Valproic acid enhances myogenic conversion

Valproic acid has been used to treat epilepsy and bipolar disorders for decades19,20. It is now classified as an HDAC inhibitor and has been used to generate pluripotent stem cells from primary human fibroblasts21,22,23. We thus examined the effects of valproic acid on myogenic conversion during stem cell fate decisions. When used alone, valproic acid was similar to DMSO and produced about 5% skeletal myocytes (Fig. 1A). However, it achieved a significantly higher efficacy when used in combination with RA, with a rate of myogenic conversion around 15% (Fig. 1A). Also similar to DMSO and RA-mediated myogenic conversion, MyoD, a skeletal muscle regulatory factor, co-stained with myosin heavy chain to the elongated bipolar skeletal myocytes (Fig. 1 B).

Additionally, myogenin, another important muscle regulatory factor, was detected by immunofluorescence microscopy by day 9 of differentiation following co-treatment of the EBs with valproic acid and RA (Fig. 2A). This result was similar to that observed following co-treatment with DMSO and RA (Fig. 2A). The extent of myogenin expression correlated with that of myosin heavy chain as shown by quantitative microscopy (Table 1). Consistent with our previous report16, Western blotting detected myogenin protein by day 9 of differentiation following co-treatment of the EBs with DMSO and RA (Fig. 2B). While the presence of myogenin was also evident following co-treatment with valproic acid and RA, myogenin was not readily detected in cells treated with DMSO or valproic acid alone, likely limited by the sensitivity of the reagents and exposure time (Fig. 2B). Nonetheless, the detection of myogenin protein with Western blotting as a measure of myogenic conversion provides objective means for validating the presence of skeletal myocytes, since the activation of myogenin expression is integral to the terminal differentiation of myoblasts.

Figure 2: Myogenic expression and histone acetylation.
Figure 2

(A) Cells were grown as EBs for 4 days and treated with DMSO (1%), RA (10 nM) or valproic acid (VPA, 0.5 mM). The cells were then cultured for 5 days without treatment, and stained for myosin heavy chain and myogenin in parallel before microscopic analysis. Shown are representative images of myosin heavy chain (MyHC, green), myogenin (green) and nuclei (blue) co-staining. (B) Myogenin protein expression was examined by Western blotting on day 4 and day 9 of differentiation. β-tubulin was used as a loading control. Shown are the cropped blot images representing indicated proteins. Full-length blots are presented in the Supplementary Figure S1A. (C) The levels of H3K9/14 acetylation (H3K9/14ac) were examined by Western blotting. Shown are the cropped blot images representing indicated proteins. Full-length blots are presented in the Supplementary Figure S1B.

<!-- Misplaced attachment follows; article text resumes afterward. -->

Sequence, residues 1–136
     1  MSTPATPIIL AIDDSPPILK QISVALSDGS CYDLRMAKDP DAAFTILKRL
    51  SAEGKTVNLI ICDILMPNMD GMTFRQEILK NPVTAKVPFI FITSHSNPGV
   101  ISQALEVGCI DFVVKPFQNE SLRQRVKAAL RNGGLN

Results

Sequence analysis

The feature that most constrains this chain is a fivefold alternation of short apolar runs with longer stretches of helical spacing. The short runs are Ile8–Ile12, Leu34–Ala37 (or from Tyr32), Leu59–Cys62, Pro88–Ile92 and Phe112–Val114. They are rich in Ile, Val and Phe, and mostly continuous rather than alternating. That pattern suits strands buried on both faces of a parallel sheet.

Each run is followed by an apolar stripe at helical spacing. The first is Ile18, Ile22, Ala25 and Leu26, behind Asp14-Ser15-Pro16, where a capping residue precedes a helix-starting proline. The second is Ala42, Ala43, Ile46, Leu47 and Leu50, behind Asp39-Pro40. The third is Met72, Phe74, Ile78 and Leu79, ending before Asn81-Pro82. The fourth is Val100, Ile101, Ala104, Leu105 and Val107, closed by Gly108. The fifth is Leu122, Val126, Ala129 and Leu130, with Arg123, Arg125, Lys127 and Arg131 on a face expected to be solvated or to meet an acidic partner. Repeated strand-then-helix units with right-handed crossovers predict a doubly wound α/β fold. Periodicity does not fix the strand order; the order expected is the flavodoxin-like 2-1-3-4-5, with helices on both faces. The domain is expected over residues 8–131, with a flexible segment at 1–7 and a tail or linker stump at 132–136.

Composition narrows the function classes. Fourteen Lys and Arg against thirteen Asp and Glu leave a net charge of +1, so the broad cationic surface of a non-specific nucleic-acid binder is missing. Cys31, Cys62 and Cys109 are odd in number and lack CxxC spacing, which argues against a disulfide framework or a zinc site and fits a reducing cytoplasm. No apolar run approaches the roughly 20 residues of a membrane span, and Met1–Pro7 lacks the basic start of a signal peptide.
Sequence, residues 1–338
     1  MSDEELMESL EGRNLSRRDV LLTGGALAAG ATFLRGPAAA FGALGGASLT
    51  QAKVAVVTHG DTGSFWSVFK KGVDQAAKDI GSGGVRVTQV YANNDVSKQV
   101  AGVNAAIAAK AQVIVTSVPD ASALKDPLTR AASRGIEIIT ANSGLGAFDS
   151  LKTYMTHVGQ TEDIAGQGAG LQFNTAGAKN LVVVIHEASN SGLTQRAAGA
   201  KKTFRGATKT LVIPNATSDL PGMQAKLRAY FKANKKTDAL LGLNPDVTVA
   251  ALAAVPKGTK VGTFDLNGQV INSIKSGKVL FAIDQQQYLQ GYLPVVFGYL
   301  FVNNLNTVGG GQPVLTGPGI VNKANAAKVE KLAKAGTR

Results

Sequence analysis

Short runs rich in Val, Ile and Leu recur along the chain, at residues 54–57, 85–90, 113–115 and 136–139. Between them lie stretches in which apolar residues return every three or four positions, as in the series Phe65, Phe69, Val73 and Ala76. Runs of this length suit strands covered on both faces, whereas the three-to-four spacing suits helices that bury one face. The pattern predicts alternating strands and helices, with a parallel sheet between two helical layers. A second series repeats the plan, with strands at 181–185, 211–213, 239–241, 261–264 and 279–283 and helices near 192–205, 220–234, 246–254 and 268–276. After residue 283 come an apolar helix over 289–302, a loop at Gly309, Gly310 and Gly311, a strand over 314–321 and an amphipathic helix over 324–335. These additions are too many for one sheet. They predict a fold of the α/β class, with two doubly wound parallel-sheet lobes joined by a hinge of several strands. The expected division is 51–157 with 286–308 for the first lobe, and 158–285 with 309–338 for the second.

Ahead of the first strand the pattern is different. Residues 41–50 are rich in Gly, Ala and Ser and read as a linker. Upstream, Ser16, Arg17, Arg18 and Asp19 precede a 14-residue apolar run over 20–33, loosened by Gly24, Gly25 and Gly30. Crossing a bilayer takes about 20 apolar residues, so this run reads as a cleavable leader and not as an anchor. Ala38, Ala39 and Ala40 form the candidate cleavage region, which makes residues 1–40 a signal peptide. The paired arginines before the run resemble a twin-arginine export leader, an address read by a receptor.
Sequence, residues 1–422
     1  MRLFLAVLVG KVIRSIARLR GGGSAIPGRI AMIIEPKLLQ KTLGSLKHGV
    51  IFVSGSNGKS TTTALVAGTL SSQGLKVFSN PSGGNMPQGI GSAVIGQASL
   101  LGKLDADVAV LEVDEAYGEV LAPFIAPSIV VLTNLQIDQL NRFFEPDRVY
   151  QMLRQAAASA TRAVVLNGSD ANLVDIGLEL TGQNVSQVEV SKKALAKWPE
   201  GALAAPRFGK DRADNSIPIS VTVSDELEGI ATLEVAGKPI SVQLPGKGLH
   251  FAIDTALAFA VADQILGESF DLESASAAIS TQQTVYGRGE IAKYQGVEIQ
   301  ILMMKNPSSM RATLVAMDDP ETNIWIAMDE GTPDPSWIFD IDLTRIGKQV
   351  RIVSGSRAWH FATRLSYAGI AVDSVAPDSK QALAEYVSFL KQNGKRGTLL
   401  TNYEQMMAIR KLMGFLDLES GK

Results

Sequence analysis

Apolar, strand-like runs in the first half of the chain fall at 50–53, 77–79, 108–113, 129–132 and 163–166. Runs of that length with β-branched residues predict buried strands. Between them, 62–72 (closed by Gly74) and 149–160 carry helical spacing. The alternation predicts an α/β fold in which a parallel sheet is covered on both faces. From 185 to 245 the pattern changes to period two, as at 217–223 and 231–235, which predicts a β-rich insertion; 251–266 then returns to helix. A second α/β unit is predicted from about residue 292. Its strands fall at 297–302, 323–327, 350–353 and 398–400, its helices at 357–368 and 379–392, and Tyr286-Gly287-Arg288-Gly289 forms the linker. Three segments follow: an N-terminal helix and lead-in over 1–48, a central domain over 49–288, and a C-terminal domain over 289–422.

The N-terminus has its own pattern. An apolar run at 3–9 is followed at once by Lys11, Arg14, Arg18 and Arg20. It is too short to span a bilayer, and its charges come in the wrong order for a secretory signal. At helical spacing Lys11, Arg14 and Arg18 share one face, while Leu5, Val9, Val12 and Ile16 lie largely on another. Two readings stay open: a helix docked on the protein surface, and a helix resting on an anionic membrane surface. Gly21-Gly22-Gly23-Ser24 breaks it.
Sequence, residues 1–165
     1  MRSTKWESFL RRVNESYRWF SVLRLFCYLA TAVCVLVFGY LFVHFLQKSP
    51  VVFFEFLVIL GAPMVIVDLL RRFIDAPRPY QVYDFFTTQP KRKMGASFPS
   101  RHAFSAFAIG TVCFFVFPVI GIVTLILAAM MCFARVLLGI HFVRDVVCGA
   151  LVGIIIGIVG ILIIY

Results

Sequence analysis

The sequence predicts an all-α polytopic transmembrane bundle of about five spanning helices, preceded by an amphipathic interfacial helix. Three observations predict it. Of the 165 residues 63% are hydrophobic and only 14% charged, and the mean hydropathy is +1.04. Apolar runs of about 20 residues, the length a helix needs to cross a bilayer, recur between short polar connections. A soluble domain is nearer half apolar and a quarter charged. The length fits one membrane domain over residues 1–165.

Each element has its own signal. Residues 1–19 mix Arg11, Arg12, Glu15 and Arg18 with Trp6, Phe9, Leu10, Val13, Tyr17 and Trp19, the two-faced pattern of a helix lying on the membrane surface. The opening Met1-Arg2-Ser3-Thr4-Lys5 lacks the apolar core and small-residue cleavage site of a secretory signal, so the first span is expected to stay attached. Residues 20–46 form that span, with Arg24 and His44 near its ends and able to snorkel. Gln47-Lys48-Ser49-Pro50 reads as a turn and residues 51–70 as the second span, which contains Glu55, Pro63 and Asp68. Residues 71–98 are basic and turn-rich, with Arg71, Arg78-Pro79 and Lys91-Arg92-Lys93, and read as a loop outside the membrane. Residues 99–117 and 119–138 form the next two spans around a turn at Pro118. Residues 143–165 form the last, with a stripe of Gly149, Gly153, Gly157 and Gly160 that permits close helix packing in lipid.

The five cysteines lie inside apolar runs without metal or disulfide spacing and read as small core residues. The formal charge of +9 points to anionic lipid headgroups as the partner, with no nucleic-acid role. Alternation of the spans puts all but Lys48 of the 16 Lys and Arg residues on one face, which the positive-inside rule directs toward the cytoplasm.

Table 1: Microscopic analysis of myogenin and myosin heavy chain expression. P19 pluripotent stem cells were grown as EBs for 4 days and treated with DMSO, valproic acid (VPA, 0.5 mM), or in combination with RA (10 nM). The cells were then cultured for 5 days without treatment, and stained for myosin heavy chain (MyHC) and myogenin in parallel before microscopic analysis. Untreated cells (Control) were also included

Notably, valproic acid treatment increased global H3K9/14 acetylation in the EBs (Fig. 2 C). Thus, valproic acid, just like DMSO, can act in concert with RA to enhance myogenic conversion at the early stages of lineage specification, further highlighting the importance of histone acetylation in the specification of skeletal muscle lineage.

Discussion

We examined the effects of a histone deacetylase inhibitor on the differentiation of pluripotent stem cells into skeletal myocytes. Co-treatment of stem cells with a small molecule that inhibits HDAC activity, such as valproic acid, leads to enhancement of myogenic conversion reinforcing the notion that histone acetylation is important for skeletal myogenesis.

Interestingly, when the HDAC inhibitor valproic acid was applied in combination with RA, a known regulatory signal of the skeletal muscle lineage16,17, the rate of myogenic differentiation was enhanced to a greater extent than the sum of each treatment alone (Fig. 12). This is possibly due to the ability of valproic acid to increase histone acetylation and consequently facilitate RA responsive receptors to dissociate from co-repressors and recruit co-activators24,25 such as p300, which is important for activating the expression of muscle regulatory factors including Myf5 and MyoD6,7,8.

While valproic acid may facilitate myogenic conversion by enhancing histone acetylation, we cannot exclude the possibility that an increase in the acetylation of non-histone proteins or other targets of valproic acid may also contribute to the positive effect of valproic acid on specification of the skeletal muscle lineage. Nevertheless, the results of our study suggest that HDAC inhibition may provide a useful avenue to develop safe non-toxic protocols that enhance the development of skeletal myocytes, based on fundamental insights into myogenic differentiation. Notably, the HDAC inhibitor used in our study has track records for its safe therapeutic applications.